Simmons, Scott and Ellis live in different cities outside Dallas. Ellis’ car is their makeshift office. Ellis talks constantly, pausing only to answer the phone or make another call. At one point she had one hand wrestling a child seat into the trunk to make space for another passenger, the other holding the phone, while intermittently puffing on a cigarette. Her car is effectively an operations center for a renegade welfare agency. “If we didn’t have Natalie we wouldn’t have an office,” Scott said.

Ellis tossed the phone she’d been cradling into the back seat for Scott. He told the woman on the line his clothing size and made an appointment to meet with her the next day, which is when Simmons also plans to go. “You can’t go everywhere I go,” said Simmons. “We go together, two birds with one stone,” responded Scott. “This woman is for Claude,” interjected Ellis. “Bullcorn,” said Simmons, “Natalie, you get to talking too much.” “Bullcorn? That might have been cool when you went in—but you got to get a new word,” said Ellis. Everyone laughs.

I asked them what other changes have caught them by surprise. “Everything looks different—all the highways and buildings,” Simmons said. In the neighborhood where his family has lived since the 1960s, it looks “like all the trees grew up.” “I would say the kids that were kids when I went in were grown when I came out,” Simmons said. “My baby boy was 14.” Now two sons are full-fledged adults, and Scott’s two others are almost out of their teens.

Simmons and Scott also remember when people used pagers and VCRs. They tell me the cost of living has skyrocketed. “Cigarettes when I left were $1.95, now they’re $6,” Scott said. Some exonerees were in since before cell phones and computers.


The four and a half months between their release and exoneration were unpleasant. Still felons on paper—or in state databases, from which all decisions come—the men couldn’t work and struggled to qualify for public assistance. The day I spent with them came during this legal limbo.

Sugar-frosted flakes? Yes. Peanut butter? Please. Canned yams and canned beans ranch style? … Yes sir. Yes. Yes. Our mouths water. It was already 3 p.m. and we skipped lunch to make it to Holy Trinity Catholic Church, which teams with Dallas homeless shelters and other churches to offer groceries and other charity services. Both men were low on food. Time seemed abundant earlier in the afternoon, but after trying to track down a utility bill and lease agreement for Scott, documents he needed to qualify for the food assistance (he had failed to qualify once before), the minutes flew by all too quickly. But the rush bore fruit: both men got their groceries.

Food is just one need in a long list. After almost 13 years, “Everything you had is gone,” said Simmons. Photos, birth certificates, high school diplomas, all of these things vanish as the years go by. Getting them back together takes time, but the men “are not equipped with patience,” Ellis said. And nothing Scott and Simmons do to restructure their lives takes just one try. At the Social Security Administration, a clerk refused to accept Simmons’ inmate card as an ID. She said it didn’t look like him. But Simmons needed his Social Security card before he could get his driver’s license.

“The twisted part is that there are actually more services for people who have just gotten (paroled) out of prison,” Sparks said, but exonerees don’t qualify for these programs. “Claude’s big problem is that he is having a really bad time with his teeth,” Ellis said. They found a dental clinic that is willing to help them, but he has to wait two months for an appointment. “When I was in prison I didn’t care how I looked,” Simmons said. His relatives were the only people that visited him, and he figured by the time he qualified for parole he’d be in his 80s and it wouldn’t matter. His unexpected release changed everything. “I told Natalie I wouldn’t do any more interviews on camera until they fix my grill,” Simmons said. “In prison they’ll take them out but they won’t put any back in.”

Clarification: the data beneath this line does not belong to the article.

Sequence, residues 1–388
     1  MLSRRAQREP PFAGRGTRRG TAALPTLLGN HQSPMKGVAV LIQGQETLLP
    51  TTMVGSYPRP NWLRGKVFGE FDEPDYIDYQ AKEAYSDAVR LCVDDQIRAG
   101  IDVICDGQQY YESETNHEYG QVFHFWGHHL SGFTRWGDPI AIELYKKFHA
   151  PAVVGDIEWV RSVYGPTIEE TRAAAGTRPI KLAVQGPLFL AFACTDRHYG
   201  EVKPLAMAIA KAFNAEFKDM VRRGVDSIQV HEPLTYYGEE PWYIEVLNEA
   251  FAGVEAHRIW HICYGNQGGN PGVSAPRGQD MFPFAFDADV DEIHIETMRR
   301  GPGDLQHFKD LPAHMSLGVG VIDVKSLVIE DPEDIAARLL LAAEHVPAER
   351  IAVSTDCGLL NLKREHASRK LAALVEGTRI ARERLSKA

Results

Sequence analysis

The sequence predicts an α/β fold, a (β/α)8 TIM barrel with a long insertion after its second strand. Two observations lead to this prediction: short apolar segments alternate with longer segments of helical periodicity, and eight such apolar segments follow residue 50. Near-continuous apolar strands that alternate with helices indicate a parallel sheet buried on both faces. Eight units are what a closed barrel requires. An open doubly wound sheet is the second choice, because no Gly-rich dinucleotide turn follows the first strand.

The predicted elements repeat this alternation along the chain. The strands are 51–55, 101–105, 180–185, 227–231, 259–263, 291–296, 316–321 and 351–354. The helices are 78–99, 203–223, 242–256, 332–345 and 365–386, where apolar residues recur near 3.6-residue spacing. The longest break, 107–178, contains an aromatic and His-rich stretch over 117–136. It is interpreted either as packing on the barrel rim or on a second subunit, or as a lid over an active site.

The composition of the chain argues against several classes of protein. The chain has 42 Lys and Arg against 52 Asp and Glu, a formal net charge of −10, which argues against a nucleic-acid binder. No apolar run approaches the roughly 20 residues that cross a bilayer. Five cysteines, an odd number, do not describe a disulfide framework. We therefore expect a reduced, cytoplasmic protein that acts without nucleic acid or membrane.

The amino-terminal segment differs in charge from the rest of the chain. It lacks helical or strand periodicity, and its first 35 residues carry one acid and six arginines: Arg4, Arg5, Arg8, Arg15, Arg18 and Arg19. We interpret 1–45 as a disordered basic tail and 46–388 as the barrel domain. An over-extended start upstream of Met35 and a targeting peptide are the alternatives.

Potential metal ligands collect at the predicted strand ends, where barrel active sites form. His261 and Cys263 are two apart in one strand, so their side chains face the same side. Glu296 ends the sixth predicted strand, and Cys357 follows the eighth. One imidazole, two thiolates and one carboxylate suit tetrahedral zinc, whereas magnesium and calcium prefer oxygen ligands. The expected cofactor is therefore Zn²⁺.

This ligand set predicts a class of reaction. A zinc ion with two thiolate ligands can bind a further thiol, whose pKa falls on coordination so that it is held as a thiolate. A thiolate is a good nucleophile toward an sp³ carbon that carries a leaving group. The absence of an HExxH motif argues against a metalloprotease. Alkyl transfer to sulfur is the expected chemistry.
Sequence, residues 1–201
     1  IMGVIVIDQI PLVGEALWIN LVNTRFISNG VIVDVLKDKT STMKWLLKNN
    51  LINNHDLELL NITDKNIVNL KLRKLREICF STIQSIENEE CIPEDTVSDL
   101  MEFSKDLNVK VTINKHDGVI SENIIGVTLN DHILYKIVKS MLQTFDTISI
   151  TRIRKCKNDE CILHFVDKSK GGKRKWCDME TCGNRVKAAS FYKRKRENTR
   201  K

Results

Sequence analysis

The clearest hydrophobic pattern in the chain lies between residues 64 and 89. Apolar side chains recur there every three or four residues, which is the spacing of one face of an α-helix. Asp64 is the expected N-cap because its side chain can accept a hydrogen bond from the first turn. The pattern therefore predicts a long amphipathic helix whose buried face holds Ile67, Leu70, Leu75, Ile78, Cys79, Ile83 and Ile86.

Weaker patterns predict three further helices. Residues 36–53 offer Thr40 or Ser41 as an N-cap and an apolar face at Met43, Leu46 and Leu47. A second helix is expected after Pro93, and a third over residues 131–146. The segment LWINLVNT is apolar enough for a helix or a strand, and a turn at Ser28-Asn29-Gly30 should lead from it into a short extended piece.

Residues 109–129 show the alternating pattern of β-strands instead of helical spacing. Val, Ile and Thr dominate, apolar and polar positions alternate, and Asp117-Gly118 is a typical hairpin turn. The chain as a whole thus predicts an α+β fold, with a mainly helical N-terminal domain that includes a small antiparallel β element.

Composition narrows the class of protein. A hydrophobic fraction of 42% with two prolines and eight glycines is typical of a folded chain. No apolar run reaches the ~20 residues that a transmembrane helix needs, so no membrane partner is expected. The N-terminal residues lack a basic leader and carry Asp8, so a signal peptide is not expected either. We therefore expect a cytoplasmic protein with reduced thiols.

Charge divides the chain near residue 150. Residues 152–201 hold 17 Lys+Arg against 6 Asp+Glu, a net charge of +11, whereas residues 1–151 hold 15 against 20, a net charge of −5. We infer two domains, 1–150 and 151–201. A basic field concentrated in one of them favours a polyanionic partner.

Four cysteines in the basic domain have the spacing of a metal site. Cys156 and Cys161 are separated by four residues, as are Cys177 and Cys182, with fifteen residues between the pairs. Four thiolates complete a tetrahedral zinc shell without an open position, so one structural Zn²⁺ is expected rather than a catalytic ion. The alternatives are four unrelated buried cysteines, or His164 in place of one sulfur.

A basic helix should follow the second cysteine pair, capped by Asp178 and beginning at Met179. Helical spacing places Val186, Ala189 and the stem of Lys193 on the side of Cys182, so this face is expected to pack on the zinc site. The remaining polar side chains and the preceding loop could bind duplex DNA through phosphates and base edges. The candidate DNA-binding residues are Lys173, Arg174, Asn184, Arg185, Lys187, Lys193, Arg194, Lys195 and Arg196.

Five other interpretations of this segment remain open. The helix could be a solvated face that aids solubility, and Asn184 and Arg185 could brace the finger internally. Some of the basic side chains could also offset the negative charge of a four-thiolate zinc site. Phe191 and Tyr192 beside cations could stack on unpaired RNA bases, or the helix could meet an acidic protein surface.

But the housing situation for exonerees eclipses their other needs. Simmons says that after living with 5,000 male roommates, he’s ready to be by himself. But there’s no place for him to go, so he considers himself lucky to be living with his sister. But his sister’s family is going through hard times too; “They’re behind on all their bills,” Ellis said.

Scott would stay with his mom, but she already lives with his son and two brothers in a two-bedroom house. “Scott would have had to live on the floor,” Ellis said. Another exoneree told Scott he could stay at his apartment. But it’s like “the blind leading the blind,” Ellis said. About a week ago their power got shut off, and neither could afford to pay the bill.

Getting a job for Simmons or Scott is a whole other beast. They “have a 12-year blank that can’t be filled in,” says Bill Allison, a lawyer and one of the directors of the Texas Center for Actual Innocence. To compound the problem, the men, like most exonerees, “committed several crimes before they got locked up,” said York. And Scott never held a job before he went to prison. And “It is much harder to enter the work force now,” York said.

“I was talking to someone about employment and they asked me what kind of job I wanted,” Simmons said. “I’m 52. This is no time to start a career. … I was like, why don’t you tell me what jobs are available and I’ll pick the one I like most.”

“We just looking for some money, whatever job pay money,” Scott said.

According to the Web site for the Innocence Project of Texas, 27 states have laws that compensate exonerated inmates. “Before the compensation act, people didn’t get anything—here’s a bus pass, good luck,” Sparks said.

Nonetheless, because there is no federal compensation and the decisions are left up to the states, exonerees in Texas are luckier than those in other states. “Texas is relatively progressive in this area of the law,” especially since the passage of the Tim Cole Act, Allison said.

The money won’t solve all of their problems, because the past can never be completely erased. “He’s still got a conviction for capital murder,” Allison said. “That record stays until there is an expunction file. If he is stopped for speeding it is going to come back for capital murder. If he ever tries to leave the country he will be stopped at the border.”

Scott and Simmons are candid about how hard life has been since their release. “I’m not happy about it — I’m mad about the situation I had to go through, or just sad, or hurt,” Simmons said.

“I’m not going to be angry, but you always think about it,” Scott added.